Cybersecurity

Peters calls on White House to protect health care systems from cyber threats

U.S. Sen. Gary C. Peters, D-Mich., asks questions during the confirmation hearing of U.S. Secretary of the Army Dr. Mark T. Esper at the Dirksen Senate Office Building, Washington, D.C., July 16, 2019. Esper was nominated for Secretary of Defense by President Donald J. Trump on July 15, 2019. (DoD photo by U.S. Army Sgt. Amber I. Smith) 

Sen. Gary Peters (D-Mich.) at a 2019 confirmation hearing. (Photo credit: U.S. Army Sgt. Amber I. Smith/DOD photo)

The top Democrat on a Senate panel overseeing the federal government's cybersecurity defenses is again calling on President Donald Trump to begin "utilizing all levers of national power" to deter adversarial nations from attacking the country's health care systems.

In a Nov. 19 letter, Sen. Gary Peters (D-Mich.), ranking member on the Senate's Homeland Security and Government Affairs Committee, cites attacks sponsored by the Chinese, Russian and North Korean governments on U.S. health care organizations working to develop vaccines and treatments for the coronavirus. The new letter echoes a similar one Peters sent earlier this year.

"I am angered by these government sponsored cyber-attacks and your lack of action to deter them over the past months," the senator wrote, adding that Trump this week ousted several top officials at the Cybersecurity and Infrastructure Security Agency.

"I urge you, again, to send a strong message to any foreign government attempting to hack into our medical institutions that this behavior is unacceptable," he continued.

Peters' letter requests the White House to direct CISA and U.S. Cyber Command to prioritize supporting hospitals and medical research institutions by providing risk and vulnerability assessments as well as sharing relevant threat intelligence.

He also calls on Trump to direct Health and Human Services Secretary Alex Azar to prioritize "information technology appropriations towards improvements in cybersecurity" and work with the Government Accountability Office and the department's inspector general to improve its cybersecurity.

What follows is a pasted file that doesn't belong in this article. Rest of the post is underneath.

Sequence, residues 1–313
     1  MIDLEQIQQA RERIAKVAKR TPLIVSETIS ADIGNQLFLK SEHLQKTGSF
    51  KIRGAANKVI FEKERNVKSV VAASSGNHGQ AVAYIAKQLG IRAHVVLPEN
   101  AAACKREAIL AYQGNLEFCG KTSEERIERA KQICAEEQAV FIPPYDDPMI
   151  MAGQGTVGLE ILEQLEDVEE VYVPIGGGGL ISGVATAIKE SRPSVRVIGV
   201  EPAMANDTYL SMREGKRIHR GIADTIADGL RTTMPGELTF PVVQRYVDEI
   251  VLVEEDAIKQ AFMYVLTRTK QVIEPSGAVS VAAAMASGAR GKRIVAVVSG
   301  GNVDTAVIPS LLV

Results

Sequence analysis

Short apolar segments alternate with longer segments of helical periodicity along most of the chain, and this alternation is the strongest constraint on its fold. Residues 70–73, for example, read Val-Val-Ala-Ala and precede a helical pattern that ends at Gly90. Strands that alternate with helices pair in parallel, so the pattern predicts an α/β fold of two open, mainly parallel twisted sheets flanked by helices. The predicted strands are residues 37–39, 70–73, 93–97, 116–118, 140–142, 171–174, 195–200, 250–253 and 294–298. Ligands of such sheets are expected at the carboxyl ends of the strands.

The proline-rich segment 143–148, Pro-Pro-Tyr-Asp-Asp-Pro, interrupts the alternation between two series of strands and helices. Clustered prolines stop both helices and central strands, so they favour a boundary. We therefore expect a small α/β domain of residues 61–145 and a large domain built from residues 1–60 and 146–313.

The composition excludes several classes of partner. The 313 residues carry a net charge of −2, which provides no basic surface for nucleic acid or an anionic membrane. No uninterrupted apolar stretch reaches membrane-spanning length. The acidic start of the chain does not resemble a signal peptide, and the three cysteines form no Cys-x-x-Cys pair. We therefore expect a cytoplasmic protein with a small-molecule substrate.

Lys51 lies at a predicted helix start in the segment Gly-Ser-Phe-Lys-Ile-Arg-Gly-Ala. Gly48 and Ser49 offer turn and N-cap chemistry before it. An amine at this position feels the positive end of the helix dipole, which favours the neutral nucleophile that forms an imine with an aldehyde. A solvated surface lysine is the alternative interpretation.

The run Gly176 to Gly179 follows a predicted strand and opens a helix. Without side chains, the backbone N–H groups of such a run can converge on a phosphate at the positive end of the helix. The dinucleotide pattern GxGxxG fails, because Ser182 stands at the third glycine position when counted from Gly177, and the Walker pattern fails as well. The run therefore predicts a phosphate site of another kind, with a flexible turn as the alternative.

The White House should be "utilizing all levers of national power – diplomatic, military, economic, and law enforcement – to deter adversary governments from any attacks against U.S. health care system and make clear that any attack on our medical systems will be treated as a significant threat to our country," Peters wrote.

Microsoft, which has assisted the federal government in monitoring cybersecurity threats, has said it detected attacks from a Russian-based actor it dubbed "Strontium" and two North Korean actors it calls "Zinc and Cerium."

"Among the targets, the majority are vaccine makers that have Covid-19 vaccines in various stages of clinical trials. One is a clinical research organization involved in trials, and one has developed a Covid-19 test. Multiple organizations targeted have contracts with or investments from government agencies from various democratic countries for Covid-19 related work," according to a Nov. 13 blog post Microsoft published by one of its executives, Tom Burt.

Burt wrote that Strontium used "password spray and brute force login attempts" to steal credentials while Zinc and Cerium primarily tried spear phishing lures, posing as job recruiters or World Health Organization representatives.

About the Author

Justin Katz covers cybersecurity for FCW. Previously he covered the Navy and Marine Corps for Inside Defense, focusing on weapons, vehicle acquisition and congressional oversight of the Pentagon. Prior to reporting for Inside Defense, Katz covered community news in the Baltimore and Washington D.C. areas. Connect with him on Twitter at @JustinSKatz.

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